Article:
For some homeowners, home improvement isn't about return on investment; it's simply about making dreams come true. Architect Steve Straughan recently finished work on a $250,000 home theater room with a 12-foot wide screen and an elaborate sound system. "There's not a home we're doing that doesn't have a home theater," Straughan says. "It's a common request across the board and typically it's a big investment." Most home theaters involve wiring speakers into walls and extensive built-in cabinetry, as well as soundproofing–"it's not something you can take with you" if you move, Straughan points out. Still, a home theater is likely to have broad appeal, so you may recoup a large chunk of your costs at resale. "A home theater makes sense," says realtor Ron Phipps. "A six-car garage does not make sense." In the high-end . market, Straughan also sees demand for wine cellars, massage rooms and yoga rooms.
In the face of growing expenses, PCIP adopted a series of changes to limit program costs. In 2012 federally-administered programs switched to a less expensive provider network and negotiated additional discounts with targeted hospitals that treated large numbers of PCIP enrollees. State-run programs were required to achieve similar cost savings or transition to federal administration; 17 state programs transitioned in mid-2013. The federal PCIP program also consolidated plan options for 2013, eliminating those offering the lowest patient cost sharing. Even with these changes, program expenses were still projected to exceed appropriated funds before the end of 2013. In March 2013, new PCIP enrollment was suspended to ensure sufficient funds to pay claims for people already enrolled. 18 PCIP enrollment peaked at nearly 115,000 in March 2013, then declined below 90,000 six months later.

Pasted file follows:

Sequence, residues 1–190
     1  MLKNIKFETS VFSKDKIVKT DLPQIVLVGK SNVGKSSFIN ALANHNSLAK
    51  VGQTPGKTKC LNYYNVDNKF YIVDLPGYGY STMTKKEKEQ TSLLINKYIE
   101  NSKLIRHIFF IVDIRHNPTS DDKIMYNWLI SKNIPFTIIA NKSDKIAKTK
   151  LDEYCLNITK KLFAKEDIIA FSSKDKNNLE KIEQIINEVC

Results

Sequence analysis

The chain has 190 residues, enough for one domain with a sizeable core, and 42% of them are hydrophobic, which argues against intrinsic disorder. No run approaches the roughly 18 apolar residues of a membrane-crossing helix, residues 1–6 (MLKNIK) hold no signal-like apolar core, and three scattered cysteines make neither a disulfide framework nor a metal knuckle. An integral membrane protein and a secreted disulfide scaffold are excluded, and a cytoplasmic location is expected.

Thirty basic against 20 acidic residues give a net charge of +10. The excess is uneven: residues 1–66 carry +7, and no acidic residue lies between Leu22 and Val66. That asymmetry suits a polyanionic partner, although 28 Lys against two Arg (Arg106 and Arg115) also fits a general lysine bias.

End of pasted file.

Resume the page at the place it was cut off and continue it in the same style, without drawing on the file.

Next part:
Figure 1 29 shows a suggested diagnostic algorithm to determine if a patient has IDA. This algorithm is adapted from a clinical guideline, with the primary modification that serum iron, total iron-binding capacity, and transferrin saturation are recommended as follow-up tests in patients with an intermediate ferritin level as a strategy to reduce the need for bone marrow biopsy. 29 If these blood tests are indeterminate, an elevated serum transferrin receptor level is recommended to distinguish IDA from anemia of chronic disease. The choice of a ferritin level of less than 45 ng per mL (45 mcg per L) is to allow for a higher sensitivity, despite the fact that most laboratories' normal range for ferritin includes 45 ng per mL.